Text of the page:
Paris motor show absentee list grows with Opel not attending
24 September, 2018
Opel and its British arm Vauxhall have announced they are not attending the Paris motor show next month, becoming the latest manufacturer to skip the event.
The brand already missed the Geneva show earlier this year, and will not participate in Europe’s next biggest show of the year.
‘We decided to put a stronger emphasis on our own events for the upcoming product launches,’ an Opel/Vauxhall spokesman told Automotive News Europe. He said Opel would return to shows ‘when it makes business and communications sense.’
Carmakers accounting for 40% of European sales will be missing from the biannual event in the French capital, with Volkswagen, Ford, Nissan, Fiat Chrysler (FCA) and all its brands, Volvo, Mitsubishi and Mazda all saying they will not participate at the show.
Luxury brands Bentley, Aston Martin, Rolls-Royce and McLaren also won’t be at Paris.
‘In terms of the European shows, we are happy with just Geneva in March,’ a Bentley spokesman said.
The Paris show claimed to have over one million visitors the last time it ran in 2016, with 10,000 journalists attending the event.
Last year’s IAA in Frankfurt saw Peugeot, Nissan, Jeep, Volvo and Mitsubishi stay away, while numerous other manufacturers have pulled out of the US-based Detroit show. Paris and Frankfurt, which alternate each year, also suffer by being the home country for some of Europe’s biggest brands, diluting the message of smaller companies.
The growing list of absentees for the event, which opens to the press on 2 October, highlights the shift in policies of some of the world’s biggest manufacturers. Automotive shows are no longer seen as a necessity for new model launches, with companies preferring smaller, more intimate launches, digital events or other new avenues of bringing their models to the attention of the public.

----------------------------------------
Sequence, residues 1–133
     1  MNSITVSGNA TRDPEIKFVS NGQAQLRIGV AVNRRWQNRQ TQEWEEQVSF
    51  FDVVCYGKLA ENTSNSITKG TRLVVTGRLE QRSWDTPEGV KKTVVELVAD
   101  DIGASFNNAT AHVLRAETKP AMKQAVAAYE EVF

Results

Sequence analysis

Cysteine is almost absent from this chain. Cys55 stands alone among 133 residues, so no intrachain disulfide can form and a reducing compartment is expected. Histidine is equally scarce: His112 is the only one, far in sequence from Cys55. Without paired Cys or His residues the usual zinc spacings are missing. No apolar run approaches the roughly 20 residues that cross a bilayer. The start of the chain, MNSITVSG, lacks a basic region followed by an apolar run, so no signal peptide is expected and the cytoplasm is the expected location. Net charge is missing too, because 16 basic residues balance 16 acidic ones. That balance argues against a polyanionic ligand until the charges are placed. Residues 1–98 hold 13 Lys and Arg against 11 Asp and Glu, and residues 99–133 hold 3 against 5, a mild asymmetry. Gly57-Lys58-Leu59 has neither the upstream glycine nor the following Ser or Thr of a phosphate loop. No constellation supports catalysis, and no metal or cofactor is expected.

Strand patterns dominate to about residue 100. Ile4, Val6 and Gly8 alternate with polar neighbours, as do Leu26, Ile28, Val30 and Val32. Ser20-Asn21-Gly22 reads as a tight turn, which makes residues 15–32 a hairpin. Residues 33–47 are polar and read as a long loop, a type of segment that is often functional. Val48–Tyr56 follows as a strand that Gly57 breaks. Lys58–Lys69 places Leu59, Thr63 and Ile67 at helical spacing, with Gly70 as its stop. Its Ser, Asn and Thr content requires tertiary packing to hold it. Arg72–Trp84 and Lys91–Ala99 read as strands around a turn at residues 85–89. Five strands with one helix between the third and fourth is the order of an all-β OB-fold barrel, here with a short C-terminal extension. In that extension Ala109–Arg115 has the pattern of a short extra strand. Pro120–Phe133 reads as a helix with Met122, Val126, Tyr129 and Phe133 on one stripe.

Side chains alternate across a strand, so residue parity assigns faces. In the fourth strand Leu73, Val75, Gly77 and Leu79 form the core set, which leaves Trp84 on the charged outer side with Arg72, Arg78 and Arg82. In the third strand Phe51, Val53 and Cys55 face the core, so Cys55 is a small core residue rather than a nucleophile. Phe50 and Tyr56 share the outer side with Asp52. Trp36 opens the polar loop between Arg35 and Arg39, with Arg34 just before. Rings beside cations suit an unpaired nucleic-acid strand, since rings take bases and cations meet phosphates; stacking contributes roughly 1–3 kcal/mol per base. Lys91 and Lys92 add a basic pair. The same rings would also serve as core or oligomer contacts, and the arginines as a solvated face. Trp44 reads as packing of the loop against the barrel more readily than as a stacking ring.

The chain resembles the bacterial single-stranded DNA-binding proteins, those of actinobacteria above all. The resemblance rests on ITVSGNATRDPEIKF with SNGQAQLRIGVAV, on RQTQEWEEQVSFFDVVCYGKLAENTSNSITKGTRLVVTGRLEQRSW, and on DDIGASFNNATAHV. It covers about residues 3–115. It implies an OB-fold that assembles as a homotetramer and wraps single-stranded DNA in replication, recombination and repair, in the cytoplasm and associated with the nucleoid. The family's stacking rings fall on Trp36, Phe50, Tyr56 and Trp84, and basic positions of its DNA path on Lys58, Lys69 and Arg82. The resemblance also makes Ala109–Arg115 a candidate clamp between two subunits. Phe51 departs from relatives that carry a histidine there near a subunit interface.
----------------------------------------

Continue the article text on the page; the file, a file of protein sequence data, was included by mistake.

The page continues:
Therefore, the cost of attending car shows, and the need to ensure stands are big, glamorous and captivating, is no longer worthwhile for many of the big brands.
Other options include smaller events, such as the UK’s Goodwood Festival of Speed, traditionally a motorsport event it now attracts car companies, who flock to advertise their models in a more ‘hands-on’ environment to vehicle enthusiasts.
In order to entice manufacturers and visitors back, the Detroit show has taken the biggest step of all current flagship events, moving from its traditional winter dates to summer, and including some new initiatives to bring manufacturers and consumers together.
In a release, organisers highlighted that auto show dynamics are changing globally, as the industry undergoes its biggest shift in more than a century. With this, automakers are seeking out increasingly creative ways to debut vehicles and engage with consumers.